As I read these words and today’s scripture passages from Isaiah and Matthew, I think of my involvement in healing ministry. Spong and others will tells us with great assurance that the healing miracles in the New testament are the direct result of the early church looking back to the Old Testament to show that Jesus was the Messiah. What better way to demonstrate this than to take Isaiah’s vision of the deaf hearing and the blind seeing and to incorporate it into a story about Jesus’s healing of two blind men. He is the Messiah is the interpretive message.

It would seem that the miracles are fiction or interpretative narrative. Maybe they never happened; however, I cannot ignore the evidence that when we “pray” for one another and lay on hands for healing “miracles” have happened.

I have long since abandoned a concept of God as being up there and out there (old Jewish worldview) and coming down to intervene via miracles; however, my experience tells me that I cannot just abandon healing ministry. [I have addressed this question to Bishop Spong via email and hope to have an answer.]

How then do I understand healing ministry? The Creator flares forth into the cosmos even today. God, the Holy One, the Creator, lives in the cosmos and in each one of us. We are the Divine stardust. There is an energy (force, ruah, a Spirit) in the universe which is the deepest reality in creation. The Creator energy of the Living One flows in the cosmos and in you and me.” Where two or three are gathered in my name, I am there.” The Christ is still present in us and to us. “I live, now not I, but the Christ lives in me.”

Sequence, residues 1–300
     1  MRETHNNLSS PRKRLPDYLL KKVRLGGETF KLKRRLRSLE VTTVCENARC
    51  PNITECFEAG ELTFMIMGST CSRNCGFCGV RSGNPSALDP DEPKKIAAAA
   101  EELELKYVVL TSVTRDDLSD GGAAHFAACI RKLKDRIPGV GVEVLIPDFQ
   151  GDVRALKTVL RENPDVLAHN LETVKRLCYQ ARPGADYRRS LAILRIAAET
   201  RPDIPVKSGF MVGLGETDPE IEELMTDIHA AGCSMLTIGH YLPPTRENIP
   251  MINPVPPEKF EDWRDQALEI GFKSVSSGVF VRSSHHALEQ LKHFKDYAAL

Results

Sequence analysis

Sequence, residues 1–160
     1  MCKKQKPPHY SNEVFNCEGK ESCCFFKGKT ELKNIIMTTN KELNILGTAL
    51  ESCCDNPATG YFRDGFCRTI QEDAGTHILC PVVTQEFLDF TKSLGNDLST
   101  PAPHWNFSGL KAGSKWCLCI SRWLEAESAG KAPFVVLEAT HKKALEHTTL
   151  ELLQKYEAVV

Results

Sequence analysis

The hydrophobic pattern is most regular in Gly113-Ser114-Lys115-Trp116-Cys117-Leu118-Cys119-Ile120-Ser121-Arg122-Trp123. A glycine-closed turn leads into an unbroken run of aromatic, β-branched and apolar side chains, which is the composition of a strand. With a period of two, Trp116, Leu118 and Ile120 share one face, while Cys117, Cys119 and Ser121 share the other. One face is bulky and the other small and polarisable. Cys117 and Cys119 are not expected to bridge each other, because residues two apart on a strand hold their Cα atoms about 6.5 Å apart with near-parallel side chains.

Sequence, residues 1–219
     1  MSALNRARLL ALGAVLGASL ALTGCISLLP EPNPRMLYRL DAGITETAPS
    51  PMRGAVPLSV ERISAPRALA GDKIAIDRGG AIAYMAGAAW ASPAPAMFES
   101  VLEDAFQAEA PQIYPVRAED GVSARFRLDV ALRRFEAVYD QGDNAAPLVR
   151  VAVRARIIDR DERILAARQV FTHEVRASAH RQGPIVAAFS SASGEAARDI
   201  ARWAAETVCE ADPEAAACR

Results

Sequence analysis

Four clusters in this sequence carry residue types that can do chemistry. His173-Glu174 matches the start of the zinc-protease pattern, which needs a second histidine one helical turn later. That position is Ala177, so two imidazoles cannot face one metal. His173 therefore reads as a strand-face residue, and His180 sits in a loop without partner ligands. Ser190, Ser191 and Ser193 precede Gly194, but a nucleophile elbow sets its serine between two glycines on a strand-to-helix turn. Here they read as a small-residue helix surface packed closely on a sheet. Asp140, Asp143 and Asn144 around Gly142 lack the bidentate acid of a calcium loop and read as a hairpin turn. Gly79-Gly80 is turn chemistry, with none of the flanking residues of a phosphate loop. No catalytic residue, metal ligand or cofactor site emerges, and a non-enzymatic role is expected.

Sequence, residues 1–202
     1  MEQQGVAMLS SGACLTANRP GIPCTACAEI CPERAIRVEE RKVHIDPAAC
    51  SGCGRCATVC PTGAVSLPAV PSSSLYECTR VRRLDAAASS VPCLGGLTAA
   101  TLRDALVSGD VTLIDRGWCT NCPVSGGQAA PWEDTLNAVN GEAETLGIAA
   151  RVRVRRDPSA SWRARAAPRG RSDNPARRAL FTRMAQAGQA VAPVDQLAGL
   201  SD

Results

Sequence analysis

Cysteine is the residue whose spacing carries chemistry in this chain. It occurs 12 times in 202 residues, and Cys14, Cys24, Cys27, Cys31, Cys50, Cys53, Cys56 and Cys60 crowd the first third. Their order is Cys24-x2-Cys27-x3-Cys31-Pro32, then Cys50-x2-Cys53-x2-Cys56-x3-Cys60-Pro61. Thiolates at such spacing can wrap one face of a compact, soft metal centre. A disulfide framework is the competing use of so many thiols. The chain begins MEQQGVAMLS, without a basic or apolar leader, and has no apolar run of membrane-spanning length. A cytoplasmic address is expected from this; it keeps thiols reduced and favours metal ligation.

Some ancient traditions focus on energy—the energy of the universe, the Spirit—that flows within us. Energy flow is vital to acupunctures, tai chi, and chakras. By working on chakras, for example, energy flows anew and healing occurs. The acupuncture needles increase the flow of energy within us. Tai chi aligns and balances us thus increasing energy flow.

In the same manner, prayer expresses concerns and care which releases energy and promotes healing. When I feel heat in the hands of the person praying over me or when I experience energy flowing from the hands, I know that healing is occurring.